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I post about technical topics here, especially , , . My other account is for German-language non-technical stuff.

This thread is important when it comes to preserving evidence: you cannot rely on the Internet Archive. Companies have ways to remove unwanted information about them, and they often won't hesitate to do that.

The latest email from restates: they only collected so much data in Avast SafePrice and Avast Secure Browser because of a shared code base, the data being discarded on the server. I'm not sure which option makes me more sad: that this statement is a lie or that it is correct.

notified me that they resolved CVE-2019-18894 yesterday. I can confirm the issue being resolved even though the displayed application release date doesn't change. That's good news, I really don't enjoy dropping 0-days...

That's the actual research I was conducting when I hit their privacy issues. It's a bit weird that I kept talking about their data collection practices while the initial security research had to stay secret until the deadline.

Big thanks to for the important hint here!

I know that everybody is tired of me talking about but this time it's a beefy RCE vulnerability. Avast Secure Browser could be trivially taken over by any website, allowing even execution of arbitrary OS commands.

Unfortunately, further communication here is muddying the waters. It now seems that doesn't give up on sharing data with after all, merely making it an opt-in thing for users of the free antivirus app. Still a lot better than before but not the same thing.

I rewrote parts of this article based on information provided by . If Avast indeed gave up on monetizing data from extensions, this changes the situation considerably.

Got an email from Avast with some clarifications. In particular: "we completely discontinued the practice of using any data from the browser extensions for any other purpose than the core security engine." This is huge! Asked a few followup questions, will update blog post soon.

I finished analyzing updates to Avast Online Security extension. It is indeed far more privacy friendly now and properly respecting user's choices. Quite surprising development given how they denied anything being wrong with it.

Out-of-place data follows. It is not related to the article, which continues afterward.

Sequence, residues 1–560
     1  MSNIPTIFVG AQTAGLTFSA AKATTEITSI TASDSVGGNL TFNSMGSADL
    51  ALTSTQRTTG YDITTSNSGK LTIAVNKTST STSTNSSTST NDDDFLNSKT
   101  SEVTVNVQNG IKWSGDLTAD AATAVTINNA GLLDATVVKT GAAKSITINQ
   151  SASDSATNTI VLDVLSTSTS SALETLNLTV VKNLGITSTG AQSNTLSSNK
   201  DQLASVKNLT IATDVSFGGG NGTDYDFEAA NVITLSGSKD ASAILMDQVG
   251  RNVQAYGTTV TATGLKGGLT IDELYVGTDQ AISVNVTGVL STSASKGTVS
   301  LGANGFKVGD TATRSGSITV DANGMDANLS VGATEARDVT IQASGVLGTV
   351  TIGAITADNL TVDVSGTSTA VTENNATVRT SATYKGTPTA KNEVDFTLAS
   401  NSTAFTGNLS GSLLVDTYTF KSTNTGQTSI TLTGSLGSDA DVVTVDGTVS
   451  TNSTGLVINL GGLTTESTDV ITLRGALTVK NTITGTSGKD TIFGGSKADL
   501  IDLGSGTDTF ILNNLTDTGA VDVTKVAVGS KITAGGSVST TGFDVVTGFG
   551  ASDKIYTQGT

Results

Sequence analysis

But internally that setting exists on Chrome as well, presumably it's synced to the application's "data sharing" setting. The default here is now sending a limited set of data. If application is installed and data sharing allowed there, it will send everything like before.

So Avast Online Security for Firefox is now indeed only sending minimal data, essentially only full URL and extension version. This is regardless of the settings.

The Chrome extension is quite different. No consent screen here and no "share data with Jumpshot" setting.

Interestingly, the amount of data being sent in practice for me has been reduced considerably - it's actually quite acceptable now. That's regardless of whether data sharing with Jumpshot is allowed. But the code looks the same, I'll need to figure out what really changed here.

So when data sharing with Jumpshot isn't allowed, the requests will have an additional "dnl" flag set. Presumably, Avast will consider it on the server side and make sure that data isn't shared with Jumpshot. Some requests won't be sent, I'm not entirely sure which ones however.

Interesting fact: the setting was only renamed in English, all other languages still use the old wording. These languages are better off than before however, original setting name was something like "Allow data sharing" there.

Comparing the code some more, it seems that the code syncing "data sharing" setting in the application and "communityIQ" setting in the extension was already there before. Clearly, it doesn't affect the data sent, question is what it actually does...

Wait, there is more after all. The setting called "Allow usage data to be shared with 3rd parties for analytics" is now called "Allow usage data to be shared with Jumpshot for analytics." If I understood correctly, this considers the data sharing setting of the application now.

And of course nothing changes about selling this data via . Because, and that is 's official position, all the data is anonymized (or do they mean pseudonymized?) so this is absolutely unproblematic. 🙈🙉🙊

There is a far more usable privacy policy however, linked from the consent screen as well. But the tenor is obviously: this is all required functionality, take it or we won't protect you.

Ok, so far it seems that the technical changes in Firefox are limited to a consent page. If you disagree the extension won't do anything and suggest that you uninstall. If you agree the same data is transmitted as before (minus page title).

Done polishing the article on vulnerabilities (to be published next Monday), now I can finally look into how Avast addressed the privacy issues reported earlier.

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